Meditation is one of these things you need to try before having a definite opinion on the matter. I tried out of curiosity. I wanted to see if it would help me stay in the present and be more mindful. Spoiler alert: it did. Now that I am over 100 sessions, it’s time to share what else I took from it.
My Headspace stats in 8 months
It’s important to find a style of meditation that suits you
You won’t be able to practice meditation on a regular basis if you are not following someone you enjoy listening to. I couldn’t recommend enough Headspace for beginners, which is the app that I’m still using. It will help you get familiar with breathing as well as meditation techniques like visualisation and noting. I shared in a previous blog post a Ted Talk of its founder, Andy Puddicombe.
When you are more at ease in your practice, you can move to Insights Timer which will give you access to more meditation experts.
It’s hard to stick to things at the beginning
No matter how hard you try, the beginning is going to be difficult and is the most critical period to get a habit going. For me it wasn’t enough to tell myself “it’ll get better with practice”. I had to create different levels so I could imagine my progress like in a video game. In this case, my levels were:
- The “why am I doing this” phase
- Not beginner anymore, but not there yet
- The “I think I’m getting used to it” phase
- Starting to enjoy it
- Mindful and present most of the time
- Able to do meditation outside my home
The second and third levels are critical and are where I very often stop new habits I’m trying to create. What changed this time for me was that I knew there was more to it than the initial struggle. If I failed at being focused and present in one session, it didn’t mean I had to throw all the previous ones I did well and avoid doing it again.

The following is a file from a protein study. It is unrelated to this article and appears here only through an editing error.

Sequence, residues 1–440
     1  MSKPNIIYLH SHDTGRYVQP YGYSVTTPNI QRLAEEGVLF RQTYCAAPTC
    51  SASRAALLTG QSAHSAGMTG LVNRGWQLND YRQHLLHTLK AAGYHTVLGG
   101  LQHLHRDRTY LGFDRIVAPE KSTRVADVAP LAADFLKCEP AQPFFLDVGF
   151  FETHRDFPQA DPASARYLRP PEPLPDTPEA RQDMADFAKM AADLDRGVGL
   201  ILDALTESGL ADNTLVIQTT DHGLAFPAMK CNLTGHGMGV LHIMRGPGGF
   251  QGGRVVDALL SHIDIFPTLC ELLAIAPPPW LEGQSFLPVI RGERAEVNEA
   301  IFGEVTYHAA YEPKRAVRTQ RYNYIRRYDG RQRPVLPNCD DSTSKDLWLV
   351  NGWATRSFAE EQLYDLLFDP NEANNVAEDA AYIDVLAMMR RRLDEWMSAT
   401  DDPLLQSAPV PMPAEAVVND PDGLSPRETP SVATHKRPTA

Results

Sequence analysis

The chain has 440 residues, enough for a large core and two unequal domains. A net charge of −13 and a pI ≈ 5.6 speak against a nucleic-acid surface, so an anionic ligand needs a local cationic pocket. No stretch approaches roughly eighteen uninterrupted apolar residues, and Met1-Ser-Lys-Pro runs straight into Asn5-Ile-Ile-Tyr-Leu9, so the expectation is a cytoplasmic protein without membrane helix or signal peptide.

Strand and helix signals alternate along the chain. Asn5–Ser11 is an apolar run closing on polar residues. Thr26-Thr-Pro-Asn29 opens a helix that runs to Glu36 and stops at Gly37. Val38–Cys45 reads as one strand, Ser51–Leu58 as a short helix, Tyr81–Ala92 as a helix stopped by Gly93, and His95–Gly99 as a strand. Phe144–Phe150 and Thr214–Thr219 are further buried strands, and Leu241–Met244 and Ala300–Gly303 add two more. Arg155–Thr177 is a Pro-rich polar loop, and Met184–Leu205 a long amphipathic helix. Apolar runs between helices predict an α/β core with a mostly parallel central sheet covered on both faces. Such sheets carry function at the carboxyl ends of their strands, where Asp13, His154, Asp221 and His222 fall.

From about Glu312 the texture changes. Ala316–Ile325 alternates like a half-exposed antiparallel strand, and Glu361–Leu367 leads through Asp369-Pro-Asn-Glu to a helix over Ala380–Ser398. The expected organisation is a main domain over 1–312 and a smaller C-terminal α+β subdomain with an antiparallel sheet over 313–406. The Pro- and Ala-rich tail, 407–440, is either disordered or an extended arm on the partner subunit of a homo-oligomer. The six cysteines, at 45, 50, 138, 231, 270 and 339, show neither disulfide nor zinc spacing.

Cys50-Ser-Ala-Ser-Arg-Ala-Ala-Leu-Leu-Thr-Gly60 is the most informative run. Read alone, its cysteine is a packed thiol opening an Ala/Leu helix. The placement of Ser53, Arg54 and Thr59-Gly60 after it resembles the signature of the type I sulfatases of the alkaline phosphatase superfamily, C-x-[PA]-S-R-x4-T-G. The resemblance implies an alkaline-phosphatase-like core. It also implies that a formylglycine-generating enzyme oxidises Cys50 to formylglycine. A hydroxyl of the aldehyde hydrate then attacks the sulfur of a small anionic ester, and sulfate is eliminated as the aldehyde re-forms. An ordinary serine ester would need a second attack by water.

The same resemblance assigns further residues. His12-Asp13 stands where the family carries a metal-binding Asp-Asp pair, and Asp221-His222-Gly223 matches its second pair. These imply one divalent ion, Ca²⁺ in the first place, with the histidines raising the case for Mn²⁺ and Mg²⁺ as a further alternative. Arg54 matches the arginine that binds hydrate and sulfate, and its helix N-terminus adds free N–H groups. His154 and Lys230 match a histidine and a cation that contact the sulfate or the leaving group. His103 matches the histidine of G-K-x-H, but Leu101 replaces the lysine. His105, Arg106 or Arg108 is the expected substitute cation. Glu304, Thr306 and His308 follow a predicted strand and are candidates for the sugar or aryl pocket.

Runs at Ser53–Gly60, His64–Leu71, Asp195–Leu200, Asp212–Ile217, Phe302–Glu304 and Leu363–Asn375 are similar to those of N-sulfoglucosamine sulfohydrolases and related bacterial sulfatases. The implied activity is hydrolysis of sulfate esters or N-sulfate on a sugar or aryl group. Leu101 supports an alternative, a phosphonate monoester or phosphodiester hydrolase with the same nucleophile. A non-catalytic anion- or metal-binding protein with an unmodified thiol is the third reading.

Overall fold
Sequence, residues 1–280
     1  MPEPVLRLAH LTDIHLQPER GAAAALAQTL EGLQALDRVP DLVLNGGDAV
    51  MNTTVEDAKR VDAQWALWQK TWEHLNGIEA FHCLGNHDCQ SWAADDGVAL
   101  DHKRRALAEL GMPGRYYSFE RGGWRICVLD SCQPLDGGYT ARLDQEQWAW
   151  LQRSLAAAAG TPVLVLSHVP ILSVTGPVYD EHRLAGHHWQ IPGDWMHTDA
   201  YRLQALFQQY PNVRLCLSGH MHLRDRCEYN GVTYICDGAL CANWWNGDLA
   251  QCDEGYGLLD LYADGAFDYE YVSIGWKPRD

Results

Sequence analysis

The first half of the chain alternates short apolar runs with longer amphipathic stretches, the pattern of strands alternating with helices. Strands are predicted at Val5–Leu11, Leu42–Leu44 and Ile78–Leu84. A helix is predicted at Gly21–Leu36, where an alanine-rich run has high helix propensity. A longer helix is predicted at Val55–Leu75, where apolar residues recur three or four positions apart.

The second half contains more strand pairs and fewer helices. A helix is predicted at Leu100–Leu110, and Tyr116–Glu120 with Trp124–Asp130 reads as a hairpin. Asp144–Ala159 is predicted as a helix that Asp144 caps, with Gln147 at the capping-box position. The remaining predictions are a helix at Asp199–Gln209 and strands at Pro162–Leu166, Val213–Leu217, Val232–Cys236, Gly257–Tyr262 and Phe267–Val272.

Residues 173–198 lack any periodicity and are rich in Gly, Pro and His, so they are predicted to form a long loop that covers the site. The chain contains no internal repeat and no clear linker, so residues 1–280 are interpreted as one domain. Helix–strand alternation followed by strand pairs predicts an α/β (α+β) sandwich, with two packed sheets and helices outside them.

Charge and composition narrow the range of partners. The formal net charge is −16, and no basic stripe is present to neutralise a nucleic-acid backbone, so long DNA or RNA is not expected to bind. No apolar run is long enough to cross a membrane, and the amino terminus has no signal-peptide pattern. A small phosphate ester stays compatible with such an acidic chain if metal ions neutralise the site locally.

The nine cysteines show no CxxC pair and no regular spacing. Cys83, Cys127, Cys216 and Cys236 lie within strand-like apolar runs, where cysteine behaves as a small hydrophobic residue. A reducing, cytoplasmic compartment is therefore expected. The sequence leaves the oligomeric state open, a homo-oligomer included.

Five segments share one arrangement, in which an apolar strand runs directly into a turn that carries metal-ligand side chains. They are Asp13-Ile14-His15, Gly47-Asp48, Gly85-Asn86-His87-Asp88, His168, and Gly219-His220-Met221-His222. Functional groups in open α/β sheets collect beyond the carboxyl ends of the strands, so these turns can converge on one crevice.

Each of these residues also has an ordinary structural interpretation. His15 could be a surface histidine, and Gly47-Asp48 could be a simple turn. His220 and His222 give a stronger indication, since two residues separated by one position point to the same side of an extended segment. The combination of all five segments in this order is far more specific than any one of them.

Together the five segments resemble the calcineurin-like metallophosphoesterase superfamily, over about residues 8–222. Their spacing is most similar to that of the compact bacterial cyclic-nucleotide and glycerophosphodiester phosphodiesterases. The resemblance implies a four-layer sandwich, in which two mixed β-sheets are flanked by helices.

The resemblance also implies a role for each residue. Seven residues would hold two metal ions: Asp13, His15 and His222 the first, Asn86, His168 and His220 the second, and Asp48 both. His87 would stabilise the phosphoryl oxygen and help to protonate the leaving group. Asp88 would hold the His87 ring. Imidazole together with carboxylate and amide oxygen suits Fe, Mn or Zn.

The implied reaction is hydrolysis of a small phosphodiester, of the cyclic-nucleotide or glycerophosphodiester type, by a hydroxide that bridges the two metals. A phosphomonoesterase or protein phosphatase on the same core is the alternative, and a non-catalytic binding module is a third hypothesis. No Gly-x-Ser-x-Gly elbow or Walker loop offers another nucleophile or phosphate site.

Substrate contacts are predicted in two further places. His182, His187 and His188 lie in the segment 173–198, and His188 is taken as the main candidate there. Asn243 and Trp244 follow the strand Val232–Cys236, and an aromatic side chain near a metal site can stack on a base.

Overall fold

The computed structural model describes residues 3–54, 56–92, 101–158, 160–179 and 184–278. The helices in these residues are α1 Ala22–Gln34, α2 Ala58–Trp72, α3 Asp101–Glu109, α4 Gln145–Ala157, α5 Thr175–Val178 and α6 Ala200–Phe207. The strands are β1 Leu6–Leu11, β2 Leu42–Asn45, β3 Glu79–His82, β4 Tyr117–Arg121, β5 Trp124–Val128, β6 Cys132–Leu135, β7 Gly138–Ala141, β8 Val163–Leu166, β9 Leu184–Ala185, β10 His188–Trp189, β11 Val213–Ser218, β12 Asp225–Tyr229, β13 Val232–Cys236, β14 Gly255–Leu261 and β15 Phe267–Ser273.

You become better at anything with practice
Meditation is like a skill. The more you practice it, the easier it will get. During the first few sessions, I was restless. My body was moving, my mind was wandering, and it required a lot of effort to remain still and focused. Some days, 10 minutes of meditation looked like an eternity. Now, I meditate 15 to 20 minutes per day in the bus without feeling distracted (most of the time).
It’s okay to fail
One of the biggest things I took away from meditation is that it’s okay not to be great at a new thing. The most important is what you’re going to do about it: are you going to accept it without judging yourself, or are you going to give up? Do you really want to do this, or is it just a fad? I was determined to make it work for me because I knew I needed it and would eventually love it.
There isn’t an emotion that taking a deep breath can’t soothe
I learned that if you are feeling frustrated, sad, angry, heartbroken, stressed, bored, and/or overwhelmed, taking a few deep breaths will put you back on track. When I feel that way but can’t meditate on the spot, I tell myself to take the deepest breath of the day. It makes that moment more special. It will be one out of thousands breaths, but it will be the deepest one.
Patience rises inwardly, not outwardly
It is by far the most important thing I ever learned from meditation. It taught me that change comes inwardly, and that I shouldn’t expect people to do it for me. My feelings are a reaction that I choose to have by seeing things as relevant or not. If I get impatient, only I control it and only I can make myself calmer.
Aside from helping me manage my impatience on a daily basis, the impact it has on challenges I face, but also my relationships and my coaching practice is colossal. I can now see clearly when someone comes to me hoping to pass their problems onto me instead of owning up to them. In the past I used to make these problems my own. I now understand and accept that if only I can manage myself, only the others can manage themselves. It is very empowering.
To check more articles on mindfulness, click here.